High School Athletes Battle Blazing Temperatures on the Practice Field

LEHIGHTON, Pa. -- The heat index was about 100 degrees in some parts of our viewing area on Wednesday, but high school athletes didn’t have the day off. Coaches made sure their teams stayed cool in the steamy weather.

The sun was bearing down on the Lehighton Indian’s football practice. Players were dressed in full gear as temperatures lingered in the 90s.

“It's pretty tough. The heat always takes a toll on you throughout the day, but just trying to relax before practice and then preparing for this as best I can, staying hydrated,” Indian’s quarterback Chris Whiteman said.

“Within the drills, we're taking a few extra water breaks. We got the ice towels so when they take a break, they kind of put it on the back of their necks, you know, we as coaches even have a little fun and squirt it on the backs of their necks,” head football coach Tom McCarroll said.

On the next field over, the players on the varsity girls soccer team said this practice broke records, but not the kinds they want to break.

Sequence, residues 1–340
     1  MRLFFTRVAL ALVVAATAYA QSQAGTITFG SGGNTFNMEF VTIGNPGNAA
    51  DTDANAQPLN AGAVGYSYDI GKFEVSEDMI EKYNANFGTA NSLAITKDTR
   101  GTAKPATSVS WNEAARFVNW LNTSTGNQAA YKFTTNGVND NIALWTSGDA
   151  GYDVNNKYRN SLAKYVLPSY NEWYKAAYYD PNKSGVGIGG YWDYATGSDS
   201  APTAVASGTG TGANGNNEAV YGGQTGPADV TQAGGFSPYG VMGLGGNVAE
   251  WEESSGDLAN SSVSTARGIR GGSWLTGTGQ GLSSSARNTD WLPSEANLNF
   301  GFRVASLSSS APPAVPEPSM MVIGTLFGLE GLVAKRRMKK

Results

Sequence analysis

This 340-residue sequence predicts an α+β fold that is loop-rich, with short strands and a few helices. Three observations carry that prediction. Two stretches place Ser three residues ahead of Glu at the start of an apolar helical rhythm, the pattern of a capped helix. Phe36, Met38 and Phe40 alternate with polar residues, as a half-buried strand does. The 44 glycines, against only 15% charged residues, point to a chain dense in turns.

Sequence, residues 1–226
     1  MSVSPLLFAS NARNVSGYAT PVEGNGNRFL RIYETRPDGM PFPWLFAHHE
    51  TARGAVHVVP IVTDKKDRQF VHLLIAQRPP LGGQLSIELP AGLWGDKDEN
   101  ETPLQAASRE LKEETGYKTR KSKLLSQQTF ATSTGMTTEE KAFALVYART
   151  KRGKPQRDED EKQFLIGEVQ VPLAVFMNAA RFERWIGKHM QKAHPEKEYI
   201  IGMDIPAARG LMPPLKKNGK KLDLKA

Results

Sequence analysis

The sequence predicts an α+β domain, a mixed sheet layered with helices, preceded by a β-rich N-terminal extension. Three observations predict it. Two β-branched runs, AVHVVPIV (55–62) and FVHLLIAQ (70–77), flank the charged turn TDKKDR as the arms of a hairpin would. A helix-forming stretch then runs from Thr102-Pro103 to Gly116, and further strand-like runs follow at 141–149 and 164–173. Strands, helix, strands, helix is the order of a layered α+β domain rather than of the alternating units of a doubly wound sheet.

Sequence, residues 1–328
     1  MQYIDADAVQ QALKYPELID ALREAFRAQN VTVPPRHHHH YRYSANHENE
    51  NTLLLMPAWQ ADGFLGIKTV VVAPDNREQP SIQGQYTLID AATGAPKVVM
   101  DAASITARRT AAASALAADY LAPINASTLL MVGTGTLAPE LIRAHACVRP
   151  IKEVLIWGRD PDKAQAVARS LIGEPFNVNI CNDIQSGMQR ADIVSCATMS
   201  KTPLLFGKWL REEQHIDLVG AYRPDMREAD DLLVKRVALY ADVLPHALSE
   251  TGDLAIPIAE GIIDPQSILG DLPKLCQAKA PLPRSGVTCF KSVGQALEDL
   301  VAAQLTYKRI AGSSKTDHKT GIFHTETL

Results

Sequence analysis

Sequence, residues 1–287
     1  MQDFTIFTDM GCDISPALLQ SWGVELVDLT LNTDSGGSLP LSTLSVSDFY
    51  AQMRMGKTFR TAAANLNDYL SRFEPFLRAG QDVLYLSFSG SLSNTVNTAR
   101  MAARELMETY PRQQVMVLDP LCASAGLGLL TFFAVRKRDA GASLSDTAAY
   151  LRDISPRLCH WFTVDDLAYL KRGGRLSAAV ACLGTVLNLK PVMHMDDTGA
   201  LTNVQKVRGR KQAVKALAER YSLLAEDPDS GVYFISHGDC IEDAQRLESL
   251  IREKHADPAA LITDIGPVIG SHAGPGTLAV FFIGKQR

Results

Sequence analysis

“It's probably the hottest practice we've had all season so far,” senior Amanda Mathisen said.

“We are constantly communicating with each other, letting each other know if we need a drink, if it's too hot, stay hydrated before practice and after, not just during,” senior Amya Quinoes said.

Beyond just staying hydrated, other athletes were relieved to take a dip in a tub of water chilled to 50 degrees. Athletes said it cooled them down and gave their muscles a break.

“It was thoroughly awful. We only made it to about halfway through the workout before we almost all passed out,” cross country athlete Sarah Laible said.

At Jim Thorpe High School, the varsity football team practiced in full pads and the junior varsity team went a little lighter, but both emphasized the importance of staying cool.

“Biggest thing is, be smart as a coach. Make sure you give them breaks, lots of water breaks, helmets off when you're not playing there actively, so the heat can escape and so forth,” Jim Thorpe High School Football Coach Mark Rosenberger said.

Athletes and coaches agree that safety comes first, but if you want to win, you have got to be on the field. Players should be getting a break on Thursday as temperatures cool down.